US stocks have tumbled on the New York Stock Exchange (NYSE) and Nasdaq markets after both reopened today following terrorist attacks on New York and Washington last week.
After two and a half hours, heavy trading had seen the Dow Jones Industrial Average and the tech-laden Nasdaq indices steady at around five per cent down, after initially plunging more than six per cent.
Although not the meltdown some had feared, shares have still dropped sharply despite efforts made by US authorities and leading firms to shore up the markets.
Declining shares outnumbered rising stocks by 5/6 to 1 on both markets. Some 832 million shares had changed hands on the NYSE by 1600 BST, while 844 million were traded on Nasdaq.
The worst of the losses came in the aircraft sector, which has inevitably been hit hard. Investors in the two airlines whose aircraft were hijacked, United and American, saw the value of their stock plummet by over 40 per cent.
The falls occured despite Securities and Exchange Commission efforts to buoy up the market, interest rate cuts by the US Federal Reserve and a concerted effort by corporate leaders such as Intel, General Electric, Cisco and others to buy back shares.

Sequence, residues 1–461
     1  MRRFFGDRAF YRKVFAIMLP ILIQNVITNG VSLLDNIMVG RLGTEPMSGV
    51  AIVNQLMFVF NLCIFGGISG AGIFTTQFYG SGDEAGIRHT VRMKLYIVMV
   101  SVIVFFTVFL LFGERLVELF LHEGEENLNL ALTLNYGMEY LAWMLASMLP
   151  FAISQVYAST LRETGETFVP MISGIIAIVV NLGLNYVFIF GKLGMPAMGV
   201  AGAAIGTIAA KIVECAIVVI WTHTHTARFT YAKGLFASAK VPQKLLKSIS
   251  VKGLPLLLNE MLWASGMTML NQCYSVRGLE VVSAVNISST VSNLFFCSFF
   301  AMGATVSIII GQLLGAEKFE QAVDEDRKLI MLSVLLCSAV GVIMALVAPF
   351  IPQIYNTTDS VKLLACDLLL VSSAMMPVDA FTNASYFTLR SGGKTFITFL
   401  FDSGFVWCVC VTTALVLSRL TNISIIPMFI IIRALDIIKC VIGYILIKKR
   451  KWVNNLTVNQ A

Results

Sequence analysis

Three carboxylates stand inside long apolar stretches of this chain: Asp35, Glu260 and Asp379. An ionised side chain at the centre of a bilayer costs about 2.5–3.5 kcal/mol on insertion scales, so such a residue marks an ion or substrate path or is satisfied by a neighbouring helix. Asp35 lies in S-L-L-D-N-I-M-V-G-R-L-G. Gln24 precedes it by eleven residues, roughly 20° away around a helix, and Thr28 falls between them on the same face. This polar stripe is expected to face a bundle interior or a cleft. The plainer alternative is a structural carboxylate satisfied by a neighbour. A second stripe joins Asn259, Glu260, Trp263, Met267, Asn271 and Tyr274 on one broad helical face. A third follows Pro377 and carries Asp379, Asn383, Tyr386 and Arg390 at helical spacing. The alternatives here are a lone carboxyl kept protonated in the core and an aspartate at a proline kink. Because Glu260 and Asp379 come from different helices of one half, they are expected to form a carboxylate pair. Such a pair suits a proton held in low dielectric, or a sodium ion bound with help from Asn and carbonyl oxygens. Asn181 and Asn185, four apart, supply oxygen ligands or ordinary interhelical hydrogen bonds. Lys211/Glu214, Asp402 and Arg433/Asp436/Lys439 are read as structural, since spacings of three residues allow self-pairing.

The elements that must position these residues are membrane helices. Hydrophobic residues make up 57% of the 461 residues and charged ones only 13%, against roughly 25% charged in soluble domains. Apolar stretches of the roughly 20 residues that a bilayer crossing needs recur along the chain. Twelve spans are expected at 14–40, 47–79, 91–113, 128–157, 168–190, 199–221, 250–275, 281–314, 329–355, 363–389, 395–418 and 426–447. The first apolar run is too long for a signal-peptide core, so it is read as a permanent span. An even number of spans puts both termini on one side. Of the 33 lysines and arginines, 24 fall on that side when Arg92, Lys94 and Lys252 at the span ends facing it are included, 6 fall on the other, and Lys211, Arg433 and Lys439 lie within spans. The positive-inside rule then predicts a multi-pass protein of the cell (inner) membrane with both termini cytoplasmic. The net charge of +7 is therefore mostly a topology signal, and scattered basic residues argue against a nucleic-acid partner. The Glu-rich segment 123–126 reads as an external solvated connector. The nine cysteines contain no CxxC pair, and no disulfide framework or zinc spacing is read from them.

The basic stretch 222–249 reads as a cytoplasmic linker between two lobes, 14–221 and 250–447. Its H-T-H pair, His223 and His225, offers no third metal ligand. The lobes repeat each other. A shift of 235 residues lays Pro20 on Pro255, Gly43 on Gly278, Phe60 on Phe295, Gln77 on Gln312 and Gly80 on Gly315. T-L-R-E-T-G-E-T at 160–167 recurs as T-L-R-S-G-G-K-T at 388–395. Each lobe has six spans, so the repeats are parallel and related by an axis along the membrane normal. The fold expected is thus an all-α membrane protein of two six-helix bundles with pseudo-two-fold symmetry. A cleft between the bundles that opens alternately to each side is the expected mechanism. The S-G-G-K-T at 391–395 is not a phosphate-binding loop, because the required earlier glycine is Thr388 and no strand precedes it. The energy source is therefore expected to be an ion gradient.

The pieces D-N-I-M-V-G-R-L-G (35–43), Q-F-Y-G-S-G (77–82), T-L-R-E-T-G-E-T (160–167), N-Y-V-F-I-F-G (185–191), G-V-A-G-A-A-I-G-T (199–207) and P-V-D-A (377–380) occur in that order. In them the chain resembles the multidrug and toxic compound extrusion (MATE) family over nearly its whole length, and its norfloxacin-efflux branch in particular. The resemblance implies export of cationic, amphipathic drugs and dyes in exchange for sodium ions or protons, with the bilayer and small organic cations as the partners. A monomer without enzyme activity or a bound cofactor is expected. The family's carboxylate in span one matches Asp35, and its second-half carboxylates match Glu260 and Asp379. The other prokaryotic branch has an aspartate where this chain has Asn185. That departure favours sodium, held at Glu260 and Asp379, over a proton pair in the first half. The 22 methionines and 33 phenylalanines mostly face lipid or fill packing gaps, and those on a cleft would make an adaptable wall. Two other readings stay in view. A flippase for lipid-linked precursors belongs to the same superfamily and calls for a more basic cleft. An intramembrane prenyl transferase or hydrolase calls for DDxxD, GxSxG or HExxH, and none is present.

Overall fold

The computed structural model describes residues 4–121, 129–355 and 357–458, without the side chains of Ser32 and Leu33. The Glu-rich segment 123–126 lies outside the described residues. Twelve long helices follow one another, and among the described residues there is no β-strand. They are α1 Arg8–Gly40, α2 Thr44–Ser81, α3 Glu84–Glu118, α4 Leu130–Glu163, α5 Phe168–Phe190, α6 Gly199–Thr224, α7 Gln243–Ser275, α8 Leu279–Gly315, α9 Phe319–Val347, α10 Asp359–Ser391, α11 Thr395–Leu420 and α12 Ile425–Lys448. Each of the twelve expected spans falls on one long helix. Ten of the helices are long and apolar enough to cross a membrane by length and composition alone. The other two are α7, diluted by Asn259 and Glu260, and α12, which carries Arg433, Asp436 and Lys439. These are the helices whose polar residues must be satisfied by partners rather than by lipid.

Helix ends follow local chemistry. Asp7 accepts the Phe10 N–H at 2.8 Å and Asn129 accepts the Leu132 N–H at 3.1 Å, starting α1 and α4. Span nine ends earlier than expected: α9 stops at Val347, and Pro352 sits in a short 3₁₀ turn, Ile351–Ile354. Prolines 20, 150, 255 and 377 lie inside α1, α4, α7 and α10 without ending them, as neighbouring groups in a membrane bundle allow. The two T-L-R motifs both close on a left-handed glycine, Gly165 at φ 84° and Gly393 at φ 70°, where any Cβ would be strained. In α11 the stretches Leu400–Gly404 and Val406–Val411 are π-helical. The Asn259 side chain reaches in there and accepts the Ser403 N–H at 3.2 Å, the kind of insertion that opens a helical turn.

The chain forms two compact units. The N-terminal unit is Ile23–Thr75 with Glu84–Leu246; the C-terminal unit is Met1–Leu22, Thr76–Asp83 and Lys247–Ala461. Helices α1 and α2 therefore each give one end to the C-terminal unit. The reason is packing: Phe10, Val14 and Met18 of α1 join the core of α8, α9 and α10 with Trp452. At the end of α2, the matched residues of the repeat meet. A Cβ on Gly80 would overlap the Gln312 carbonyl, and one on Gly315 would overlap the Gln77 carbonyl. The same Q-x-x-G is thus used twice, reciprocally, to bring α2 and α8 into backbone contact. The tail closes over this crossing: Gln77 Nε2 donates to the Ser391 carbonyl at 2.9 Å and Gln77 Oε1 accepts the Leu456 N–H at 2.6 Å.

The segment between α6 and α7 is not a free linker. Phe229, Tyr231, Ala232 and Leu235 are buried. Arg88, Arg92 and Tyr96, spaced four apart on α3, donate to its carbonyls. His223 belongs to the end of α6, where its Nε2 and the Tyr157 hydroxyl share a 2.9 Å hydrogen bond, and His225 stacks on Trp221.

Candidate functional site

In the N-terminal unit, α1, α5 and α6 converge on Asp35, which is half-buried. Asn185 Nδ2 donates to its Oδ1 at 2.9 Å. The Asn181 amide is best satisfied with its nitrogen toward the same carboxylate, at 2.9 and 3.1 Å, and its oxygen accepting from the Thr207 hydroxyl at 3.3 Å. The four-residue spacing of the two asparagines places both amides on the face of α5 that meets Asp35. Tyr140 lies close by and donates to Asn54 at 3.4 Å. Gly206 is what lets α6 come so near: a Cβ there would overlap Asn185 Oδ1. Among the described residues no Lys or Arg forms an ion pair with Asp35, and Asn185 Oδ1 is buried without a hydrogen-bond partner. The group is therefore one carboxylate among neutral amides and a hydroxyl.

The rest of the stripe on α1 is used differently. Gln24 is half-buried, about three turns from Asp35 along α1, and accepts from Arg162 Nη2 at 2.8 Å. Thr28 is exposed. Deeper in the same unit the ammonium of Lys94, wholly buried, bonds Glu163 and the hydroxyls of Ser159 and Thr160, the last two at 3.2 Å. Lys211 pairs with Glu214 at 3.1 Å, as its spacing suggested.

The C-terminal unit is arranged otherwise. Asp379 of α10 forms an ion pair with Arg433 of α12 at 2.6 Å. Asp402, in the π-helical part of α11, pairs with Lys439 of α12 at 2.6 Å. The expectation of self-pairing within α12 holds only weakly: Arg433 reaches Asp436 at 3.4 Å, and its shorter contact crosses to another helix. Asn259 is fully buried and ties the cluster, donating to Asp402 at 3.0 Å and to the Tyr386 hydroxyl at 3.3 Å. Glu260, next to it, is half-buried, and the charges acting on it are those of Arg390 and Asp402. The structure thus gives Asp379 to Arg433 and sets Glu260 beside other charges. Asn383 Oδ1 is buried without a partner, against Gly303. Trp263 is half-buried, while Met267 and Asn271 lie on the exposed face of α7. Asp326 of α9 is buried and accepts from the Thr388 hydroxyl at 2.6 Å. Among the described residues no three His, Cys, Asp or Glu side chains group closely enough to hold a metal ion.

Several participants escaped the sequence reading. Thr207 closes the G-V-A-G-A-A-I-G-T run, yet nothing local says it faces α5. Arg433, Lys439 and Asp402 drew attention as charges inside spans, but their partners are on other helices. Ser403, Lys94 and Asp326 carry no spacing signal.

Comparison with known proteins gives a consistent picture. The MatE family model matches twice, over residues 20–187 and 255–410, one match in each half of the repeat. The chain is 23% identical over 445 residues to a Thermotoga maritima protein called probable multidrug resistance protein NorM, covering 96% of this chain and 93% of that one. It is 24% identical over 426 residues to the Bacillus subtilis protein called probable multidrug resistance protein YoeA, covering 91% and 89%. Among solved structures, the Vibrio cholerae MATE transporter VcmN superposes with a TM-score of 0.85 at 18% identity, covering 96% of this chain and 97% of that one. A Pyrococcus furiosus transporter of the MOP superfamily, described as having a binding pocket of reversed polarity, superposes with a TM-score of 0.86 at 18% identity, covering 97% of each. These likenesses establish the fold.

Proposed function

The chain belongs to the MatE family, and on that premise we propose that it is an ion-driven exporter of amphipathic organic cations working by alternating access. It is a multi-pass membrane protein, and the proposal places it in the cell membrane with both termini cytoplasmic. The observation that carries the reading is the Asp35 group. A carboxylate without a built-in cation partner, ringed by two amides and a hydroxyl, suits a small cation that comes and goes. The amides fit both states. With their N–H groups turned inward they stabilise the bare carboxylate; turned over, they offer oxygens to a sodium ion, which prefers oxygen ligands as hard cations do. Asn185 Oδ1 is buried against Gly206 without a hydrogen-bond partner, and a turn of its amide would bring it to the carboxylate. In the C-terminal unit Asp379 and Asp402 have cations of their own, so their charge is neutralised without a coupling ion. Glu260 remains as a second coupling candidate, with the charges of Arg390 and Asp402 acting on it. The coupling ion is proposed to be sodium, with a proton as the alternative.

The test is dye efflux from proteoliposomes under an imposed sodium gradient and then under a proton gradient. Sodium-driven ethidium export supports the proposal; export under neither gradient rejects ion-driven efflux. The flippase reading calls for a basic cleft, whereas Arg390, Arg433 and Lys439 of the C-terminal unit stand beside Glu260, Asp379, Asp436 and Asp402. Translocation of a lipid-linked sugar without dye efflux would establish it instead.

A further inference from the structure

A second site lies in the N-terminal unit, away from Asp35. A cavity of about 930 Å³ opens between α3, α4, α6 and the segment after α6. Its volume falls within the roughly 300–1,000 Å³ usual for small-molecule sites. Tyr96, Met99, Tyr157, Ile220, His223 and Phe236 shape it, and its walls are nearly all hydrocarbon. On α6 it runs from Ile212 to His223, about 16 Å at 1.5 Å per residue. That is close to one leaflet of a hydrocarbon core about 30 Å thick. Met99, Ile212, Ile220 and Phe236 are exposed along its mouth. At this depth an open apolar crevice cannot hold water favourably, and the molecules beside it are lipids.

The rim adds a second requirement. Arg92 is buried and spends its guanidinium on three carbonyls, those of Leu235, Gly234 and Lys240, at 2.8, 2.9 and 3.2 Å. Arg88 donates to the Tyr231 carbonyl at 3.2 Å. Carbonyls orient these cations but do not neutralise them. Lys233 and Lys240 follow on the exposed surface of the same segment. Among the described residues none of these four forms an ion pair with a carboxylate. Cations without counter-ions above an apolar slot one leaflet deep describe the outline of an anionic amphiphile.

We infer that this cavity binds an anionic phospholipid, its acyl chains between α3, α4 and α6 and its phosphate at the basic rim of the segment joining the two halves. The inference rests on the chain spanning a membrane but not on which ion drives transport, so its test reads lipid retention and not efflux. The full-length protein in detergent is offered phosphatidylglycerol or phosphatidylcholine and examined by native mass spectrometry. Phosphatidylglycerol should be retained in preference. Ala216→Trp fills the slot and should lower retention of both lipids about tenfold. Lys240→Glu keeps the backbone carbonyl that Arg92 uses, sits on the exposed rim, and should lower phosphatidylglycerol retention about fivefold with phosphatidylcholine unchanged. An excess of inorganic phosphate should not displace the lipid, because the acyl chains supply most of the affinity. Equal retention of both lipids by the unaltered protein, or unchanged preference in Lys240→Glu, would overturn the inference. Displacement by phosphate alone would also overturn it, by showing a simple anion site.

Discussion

However, the Federal Reserve said that, while the risks that the economy will slow further remain in the near-term, the outlook is bright.
It said in a statement: "Even before the tragic events of last week, employment, production and business spending remained weak, and last week's events have the potential to damp spending further.
"Nonetheless, the long-term prospects for productivity growth and the economy remain favourable and should become evident once the unusual forces restraining demand abate."
In the UK, the FTSE 100 had risen by nearly two per cent by 1600 BST.
And, yep, it'll run Android rather than RiscOS
US engineering giant's cost-cutting outsourcing plan is on the rocks, according to insiders
HP Envy X2 laptop only affordable if you've got loadsamoney
Counterfeit code-signing certificates enabling hackers to hide malware being sold by cyber criminals
Certificates can be used as part of layered obfuscation to evade detection by anti-virus software